The latest version of Google Earth – a virtual globe program with satellite images of the Earth’s surface – features ocean bathymetry for the first time, allowing viewers to dive through the sea surface and explore the oceans beneath from their desktops. Previously the program portrayed the oceans as simply a flat, uniformly blue surface. The new version (Version 5.0) features the pre-existing MPA layer from Google Earth, indicating where each of the world’s marine protected areas is located. “Ocean in Google Earth”, as the marine portion of the program is called, was developed by Google through a Council of Ocean Advisors, including Dan Laffoley, Marine Vice Chair of IUCN’s World Commission on Protected Areas (WCPA). WCPA developed the MPA layer with Google, and premiered it at the World Conservation Congress in October 2008 (MPA News 10:4).

Ocean in Google Earth also incorporates several new layers of potential interest to MPA practitioners and stakeholders, including data from animal tracking projects and the Census of Marine Life, multimedia from National Geographic, and even shipwreck locations. Furthermore, viewers may upload their own information about ocean sites. “The three-dimensional canvas in Google Earth 5.0 will enable everyone to better appreciate our oceans and seas,” says Laffoley. “With our MPA layer, now anybody can share pictures and other information about ocean protection with hundreds of millions of people around the world. All you need to do is add your own data, pictures and videos to the companion site www.protectplanetocean.org.” That site, operated by IUCN, is where the MPA layer is being continuously updated, creating what Laffoley calls “the world’s only mass user-driven interactive multimedia map of how we’re protecting our seas.” To download Google Earth 5.0, go to http://earth.google.com. For more information: Dan Laffoley, WCPA – Marine, Peterborough, U.K. E-mail: dan.laffoley@naturalengland.org.uk

Registration open for International Marine Conservation Congress

Registration for the International Marine Conservation Congress (IMCC) is now open. The meeting will last from 19-24 May 2009 in Washington, D.C. (U.S.), and will include the Second International Marine Protected Areas Congress as a track. In days preceding the congress, there will be a series of courses for MPA managers, specialists, practitioners, and decision-makers. For more information on the MPA courses, the IMCC in general, or how to register, go to www2.cedarcrest.edu/imcc/index.html.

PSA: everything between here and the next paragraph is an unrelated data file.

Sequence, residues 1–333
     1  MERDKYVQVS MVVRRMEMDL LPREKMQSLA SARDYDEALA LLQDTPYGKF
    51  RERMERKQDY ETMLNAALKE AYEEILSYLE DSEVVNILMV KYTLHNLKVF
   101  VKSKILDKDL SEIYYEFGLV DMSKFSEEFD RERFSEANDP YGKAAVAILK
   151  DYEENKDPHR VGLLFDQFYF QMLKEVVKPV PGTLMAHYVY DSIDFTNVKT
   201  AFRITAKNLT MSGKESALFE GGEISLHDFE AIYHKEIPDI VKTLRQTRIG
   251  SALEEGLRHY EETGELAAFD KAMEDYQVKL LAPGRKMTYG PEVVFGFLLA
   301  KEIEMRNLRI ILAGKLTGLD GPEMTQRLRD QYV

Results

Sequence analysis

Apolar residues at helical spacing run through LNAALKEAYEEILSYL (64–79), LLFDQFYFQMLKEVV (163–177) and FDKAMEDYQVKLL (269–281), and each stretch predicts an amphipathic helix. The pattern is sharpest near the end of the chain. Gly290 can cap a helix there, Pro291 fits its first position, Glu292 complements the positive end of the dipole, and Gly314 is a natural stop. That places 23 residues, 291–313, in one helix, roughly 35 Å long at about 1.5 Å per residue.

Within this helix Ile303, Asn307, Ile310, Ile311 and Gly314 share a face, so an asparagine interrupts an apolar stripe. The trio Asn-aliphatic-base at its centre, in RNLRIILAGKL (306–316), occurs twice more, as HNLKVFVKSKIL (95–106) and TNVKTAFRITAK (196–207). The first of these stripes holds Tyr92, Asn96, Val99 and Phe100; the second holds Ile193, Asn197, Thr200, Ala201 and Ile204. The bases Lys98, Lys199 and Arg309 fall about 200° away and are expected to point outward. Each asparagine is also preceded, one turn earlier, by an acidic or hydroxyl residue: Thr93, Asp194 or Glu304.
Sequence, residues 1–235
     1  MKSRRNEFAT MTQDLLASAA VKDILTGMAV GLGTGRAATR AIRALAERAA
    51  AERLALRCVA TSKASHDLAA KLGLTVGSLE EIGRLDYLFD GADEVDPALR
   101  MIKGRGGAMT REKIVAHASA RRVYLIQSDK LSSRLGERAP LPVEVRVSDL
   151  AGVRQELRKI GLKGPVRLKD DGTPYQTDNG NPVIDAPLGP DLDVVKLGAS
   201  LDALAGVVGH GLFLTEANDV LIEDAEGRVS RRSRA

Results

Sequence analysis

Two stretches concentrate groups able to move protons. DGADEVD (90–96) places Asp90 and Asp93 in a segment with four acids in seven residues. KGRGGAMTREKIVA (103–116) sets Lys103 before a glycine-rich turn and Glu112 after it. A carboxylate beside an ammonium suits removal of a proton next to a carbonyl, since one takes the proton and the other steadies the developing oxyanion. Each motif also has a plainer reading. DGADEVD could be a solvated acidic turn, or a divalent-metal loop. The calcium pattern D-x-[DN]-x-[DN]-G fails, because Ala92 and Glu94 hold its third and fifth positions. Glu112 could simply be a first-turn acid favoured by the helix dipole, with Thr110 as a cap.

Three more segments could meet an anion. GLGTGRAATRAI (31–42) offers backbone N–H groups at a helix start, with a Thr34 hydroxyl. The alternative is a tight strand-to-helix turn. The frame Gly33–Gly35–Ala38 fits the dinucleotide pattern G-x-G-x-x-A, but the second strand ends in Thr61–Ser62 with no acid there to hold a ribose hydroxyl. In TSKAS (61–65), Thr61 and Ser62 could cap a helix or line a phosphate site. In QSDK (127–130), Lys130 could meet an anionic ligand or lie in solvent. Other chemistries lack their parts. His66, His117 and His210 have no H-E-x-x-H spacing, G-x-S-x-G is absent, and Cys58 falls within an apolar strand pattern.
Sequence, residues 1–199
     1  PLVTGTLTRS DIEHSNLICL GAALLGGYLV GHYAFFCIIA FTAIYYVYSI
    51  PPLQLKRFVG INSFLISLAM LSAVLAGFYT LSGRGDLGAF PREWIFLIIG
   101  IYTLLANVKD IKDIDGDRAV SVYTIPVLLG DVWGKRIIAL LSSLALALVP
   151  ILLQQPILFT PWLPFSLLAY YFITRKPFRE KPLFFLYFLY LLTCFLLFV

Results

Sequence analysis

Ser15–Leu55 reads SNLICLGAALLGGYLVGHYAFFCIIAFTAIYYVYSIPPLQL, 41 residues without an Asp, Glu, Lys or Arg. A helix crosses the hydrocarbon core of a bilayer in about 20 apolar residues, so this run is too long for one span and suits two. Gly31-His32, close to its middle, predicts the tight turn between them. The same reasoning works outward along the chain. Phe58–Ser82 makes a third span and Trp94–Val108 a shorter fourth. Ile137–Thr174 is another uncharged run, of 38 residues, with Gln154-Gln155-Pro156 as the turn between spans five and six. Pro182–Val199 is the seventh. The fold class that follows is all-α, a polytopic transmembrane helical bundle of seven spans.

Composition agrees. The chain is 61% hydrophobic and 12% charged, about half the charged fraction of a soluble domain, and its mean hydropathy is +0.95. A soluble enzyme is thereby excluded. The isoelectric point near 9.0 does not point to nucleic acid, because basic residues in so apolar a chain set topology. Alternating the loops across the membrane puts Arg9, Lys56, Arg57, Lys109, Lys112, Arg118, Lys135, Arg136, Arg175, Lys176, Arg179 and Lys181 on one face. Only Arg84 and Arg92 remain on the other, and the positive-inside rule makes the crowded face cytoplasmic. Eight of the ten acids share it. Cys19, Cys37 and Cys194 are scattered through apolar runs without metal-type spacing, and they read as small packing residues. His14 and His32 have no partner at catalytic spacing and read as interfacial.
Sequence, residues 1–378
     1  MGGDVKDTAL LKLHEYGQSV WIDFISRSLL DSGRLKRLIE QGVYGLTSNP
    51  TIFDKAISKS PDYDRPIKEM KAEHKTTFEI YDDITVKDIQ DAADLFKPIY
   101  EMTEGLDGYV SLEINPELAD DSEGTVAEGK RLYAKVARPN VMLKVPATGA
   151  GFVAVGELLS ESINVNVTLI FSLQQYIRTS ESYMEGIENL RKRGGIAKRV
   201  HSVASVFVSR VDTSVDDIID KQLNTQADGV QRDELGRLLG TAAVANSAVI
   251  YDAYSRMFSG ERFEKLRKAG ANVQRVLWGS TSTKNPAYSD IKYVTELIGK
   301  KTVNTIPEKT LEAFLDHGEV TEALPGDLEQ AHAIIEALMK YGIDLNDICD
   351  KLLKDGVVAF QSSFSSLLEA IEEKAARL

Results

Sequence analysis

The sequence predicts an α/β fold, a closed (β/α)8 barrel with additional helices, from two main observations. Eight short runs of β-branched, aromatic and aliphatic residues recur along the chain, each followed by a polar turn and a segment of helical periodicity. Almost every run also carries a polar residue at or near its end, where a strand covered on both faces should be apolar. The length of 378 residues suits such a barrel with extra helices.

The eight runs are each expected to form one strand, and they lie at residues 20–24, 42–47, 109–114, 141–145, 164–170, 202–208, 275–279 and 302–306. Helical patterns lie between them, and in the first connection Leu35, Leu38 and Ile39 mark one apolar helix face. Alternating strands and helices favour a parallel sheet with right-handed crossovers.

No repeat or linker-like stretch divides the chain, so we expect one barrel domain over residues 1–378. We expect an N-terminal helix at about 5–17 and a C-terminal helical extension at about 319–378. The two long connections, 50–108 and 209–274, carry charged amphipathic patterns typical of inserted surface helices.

Advisory committee: Guidance on linking ocean-observing systems, MPAs

In December 2008 the U.S. Marine Protected Areas Federal Advisory Committee (MPA FAC) released new guidance on improving the linkage of ocean-observing systems to MPA management. Such observing systems capture data on a broad array of measures relevant to MPA management, including sea surface temperature, water quality, ocean ecosystem productivity, and larval dispersal, among others. The committee also released guidance on a framework for evaluating the U.S. national system of MPAs. Both sets of guidance are available at http://mpa.gov

Guidance available from workshop on vertical zoning in MPAs

In nations where recreational pelagic fishing is popular, advocates for the activity have often challenged the scientific justification for completely no-take MPAs. This has particularly been the case where the primary goal of an MPA is protection of benthic resources (i.e., on the seafloor), as opposed to the pelagic species (i.e., in the water column) that recreational fishers are targeting. It has raised the question: Can vertical zoning of an MPA – namely, allowing fishing in the water column while banning it on the seafloor – be ecologically sustainable without compromising the protected area’s effectiveness?

A new article in the December 2008 issue of Fisheries magazine offers guidance on this question, generated by an expert workshop in 2005. The paper analyzes ecological linkages between pelagic and benthic communities, and provides general advice on which ecological conditions – such as depth and habitat type – may allow for pelagic fishing to be compatible with benthic protection. For example, where the habitat type is coral reef, the depth is relatively shallow, and the primary fish group of concern is coastal pelagics (e.g., jacks, mackerel, bluefish), the benthic/pelagic linkages are predicted to be strong and direct. Under these conditions, recreational pelagic fishing is most likely not compatible with the objectives of a benthic-focused MPA. In contrast, where the habitat is open ocean and the target fish are oceanic pelagics (tuna, sharks, marlin), the benthic/pelagic linkages are most likely weak. Under these conditions, pelagic fishing may be compatible with benthic protection goals.

The issue of Fisheries containing the article “Vertical Zoning in Marine Protected Areas: Ecological Considerations for Balancing Pelagic Fishing with Conservation of Benthic Communities” is available at www.fisheries.org/afs/docs/fisheries/fisheries_3312.pdf.